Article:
Developers behind a multi-billion pound theme park have been granted an abnormal four-month delay to a government review after its chosen site was designated a wildlife haven.
A long awaiting planning application was submitted late December with proposals due to be examined later this year.
But in March Natural England designated the land a Site of Special Scientific Interest (SSSI).
The status granted by the government's environmental advisory group means any future development plans must take into account the abundance and important wildlife in the area.
In response London Resort last month asked for a four-month delay to "address the issues raised".
This was granted by the Planning Inspectorate in light of the SSSI notification and the implications for the "ecological status" of the Kent site.
The government planning arm added that it "would not normally agree to postpone the start of the examination for longer than three months".
But said it was justified in this case to ensure a "fair process" within the statutory six-month examination period.
It explained: "Although the four months sought is longer than that normally expected by the Secretary of State, we recognise that several application documents will require revision to be sufficiently current and to form the basis for the application."
The decision was confirmed by way of a written submission published on its planning portal by Stuart Cowperthwaite, who is leading the inspection, alongside four other panel members.
However, it also considers the impact of the delay on interested parties and sets out strict obligations and deadlines for Resort bosses to meet.
This includes monthly progress reports, a comprehensive list of the documents that will be submitted and a programme setting out when they will be submitted.
In addition, where the Planning Inspectorate accepts any new documents it has asked Resort bosses to clearly explain the reasons for this.
Speaking last month, London Resort chief executive Pierre-Yves Gerbeau said it was "right and proper" to delay and review concerns, adding it was "fundamental" as part of their goal to be "leaders in sustainability".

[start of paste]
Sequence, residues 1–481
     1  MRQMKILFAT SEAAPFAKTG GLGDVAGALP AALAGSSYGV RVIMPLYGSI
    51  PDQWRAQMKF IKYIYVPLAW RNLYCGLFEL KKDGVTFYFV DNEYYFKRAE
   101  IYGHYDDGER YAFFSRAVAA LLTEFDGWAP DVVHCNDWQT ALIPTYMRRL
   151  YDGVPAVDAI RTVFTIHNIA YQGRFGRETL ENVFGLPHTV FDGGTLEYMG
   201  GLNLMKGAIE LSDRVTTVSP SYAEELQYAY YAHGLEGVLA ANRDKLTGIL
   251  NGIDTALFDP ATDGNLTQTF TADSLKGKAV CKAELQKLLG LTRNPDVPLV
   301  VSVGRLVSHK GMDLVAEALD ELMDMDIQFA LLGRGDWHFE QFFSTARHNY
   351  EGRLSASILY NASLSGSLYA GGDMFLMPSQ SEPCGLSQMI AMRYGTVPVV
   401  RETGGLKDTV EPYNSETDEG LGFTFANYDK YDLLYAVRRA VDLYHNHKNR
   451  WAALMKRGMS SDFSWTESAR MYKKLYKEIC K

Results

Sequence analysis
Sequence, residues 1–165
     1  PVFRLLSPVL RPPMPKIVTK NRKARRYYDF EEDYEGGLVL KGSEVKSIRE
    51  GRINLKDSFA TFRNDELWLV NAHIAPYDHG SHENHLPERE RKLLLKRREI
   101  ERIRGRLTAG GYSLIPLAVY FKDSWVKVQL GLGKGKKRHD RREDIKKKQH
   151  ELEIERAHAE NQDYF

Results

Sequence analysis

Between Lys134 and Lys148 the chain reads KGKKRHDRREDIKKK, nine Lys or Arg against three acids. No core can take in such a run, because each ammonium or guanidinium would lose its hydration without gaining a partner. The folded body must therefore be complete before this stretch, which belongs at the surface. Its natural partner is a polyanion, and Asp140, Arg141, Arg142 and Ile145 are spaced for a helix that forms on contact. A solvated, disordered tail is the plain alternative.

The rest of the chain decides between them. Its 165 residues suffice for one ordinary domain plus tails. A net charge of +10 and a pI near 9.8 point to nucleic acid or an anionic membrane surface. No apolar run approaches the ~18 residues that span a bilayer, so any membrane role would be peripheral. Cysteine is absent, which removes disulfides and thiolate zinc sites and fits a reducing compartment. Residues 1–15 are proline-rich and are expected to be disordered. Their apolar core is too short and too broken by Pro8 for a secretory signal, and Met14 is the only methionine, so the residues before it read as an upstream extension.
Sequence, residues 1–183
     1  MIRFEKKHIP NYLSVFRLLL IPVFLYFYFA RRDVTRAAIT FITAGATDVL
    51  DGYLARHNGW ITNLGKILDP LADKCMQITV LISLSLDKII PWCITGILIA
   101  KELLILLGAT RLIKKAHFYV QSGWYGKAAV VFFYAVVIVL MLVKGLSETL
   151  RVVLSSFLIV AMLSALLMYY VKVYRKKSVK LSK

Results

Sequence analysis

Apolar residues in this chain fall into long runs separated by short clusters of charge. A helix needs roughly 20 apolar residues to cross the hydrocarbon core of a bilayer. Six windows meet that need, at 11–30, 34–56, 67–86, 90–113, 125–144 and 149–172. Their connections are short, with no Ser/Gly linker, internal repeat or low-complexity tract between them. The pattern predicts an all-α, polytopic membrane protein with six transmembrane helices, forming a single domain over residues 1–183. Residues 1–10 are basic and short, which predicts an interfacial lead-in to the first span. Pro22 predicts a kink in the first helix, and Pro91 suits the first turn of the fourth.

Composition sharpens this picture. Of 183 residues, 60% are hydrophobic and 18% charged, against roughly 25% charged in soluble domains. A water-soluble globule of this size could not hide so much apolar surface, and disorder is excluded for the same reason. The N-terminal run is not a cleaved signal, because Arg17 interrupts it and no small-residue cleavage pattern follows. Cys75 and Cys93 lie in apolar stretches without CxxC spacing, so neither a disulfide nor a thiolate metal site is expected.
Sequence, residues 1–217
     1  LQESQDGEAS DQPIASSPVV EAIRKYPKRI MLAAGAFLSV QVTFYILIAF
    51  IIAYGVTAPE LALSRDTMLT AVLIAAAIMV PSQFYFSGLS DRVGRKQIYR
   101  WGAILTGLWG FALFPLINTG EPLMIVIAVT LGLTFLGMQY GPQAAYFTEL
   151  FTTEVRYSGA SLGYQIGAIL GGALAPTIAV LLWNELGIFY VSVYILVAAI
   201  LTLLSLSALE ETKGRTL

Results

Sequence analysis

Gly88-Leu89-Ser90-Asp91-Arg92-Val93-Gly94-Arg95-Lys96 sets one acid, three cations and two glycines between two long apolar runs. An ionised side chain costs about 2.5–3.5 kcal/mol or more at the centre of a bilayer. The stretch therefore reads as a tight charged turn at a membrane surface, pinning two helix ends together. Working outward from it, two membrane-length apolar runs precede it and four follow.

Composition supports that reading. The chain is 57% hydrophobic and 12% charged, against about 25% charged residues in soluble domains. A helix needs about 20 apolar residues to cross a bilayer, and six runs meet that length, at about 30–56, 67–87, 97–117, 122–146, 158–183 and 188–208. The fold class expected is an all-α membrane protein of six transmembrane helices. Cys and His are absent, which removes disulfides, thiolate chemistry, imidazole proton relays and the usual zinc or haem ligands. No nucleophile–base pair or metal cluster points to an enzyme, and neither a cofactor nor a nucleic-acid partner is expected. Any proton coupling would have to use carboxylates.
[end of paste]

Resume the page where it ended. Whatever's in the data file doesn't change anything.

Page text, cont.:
“Working with the Planning Inspectorate, we have requested further time to prepare for the formal enquiry later this summer," he said.
"We’ve already committed to spending around £150m on remediation, habitat enhancement and providing around 8 miles of footpaths and public rights of way."
He added: "But since Natural England designated the area a SSSI earlier this year – it is right and proper that we take a short extension to revise our reports and ensure they address the issues raised."
However, despite this additional obstacle Resort bosses maintain the project is still "on track" to create a "beacon of world class entertainment and experiences".
Last month it revealed plans for "Base Camp", a new "pre-historic" zone at the park, featuring one of the fastest rollercoasters in Europe.
Alongside the fun and adrenaline, the land is also set to deliver educational opportunities with an enormous play area for youngsters to explore, excavate exciting fossil finds and develop STEM skills.
If approved, the theme park will be the first European development of its kind to be built from scratch since the opening of Disneyland Paris in 1992.
The Resort is expected to open in 2024 on a 525 acre plot formerly occupied by a cement works.
It will feature two theme park gates, a water park, conference and convention centre and e-Sports facilities.
Image rights deals have already been struck with the likes of the BBC, ITV and its original namesake, Paramount Pictures.
But the BBC's studio arm was urged to withdraw from the project last month amid claims of incompatibility with its aims of "creating a positive environmental impact".
A formal examination of the plans is scheduled to take place later this year.
The government will then have the final say over whether the plans, earmarked as a nationally significant infrastructure project, will get the go-ahead.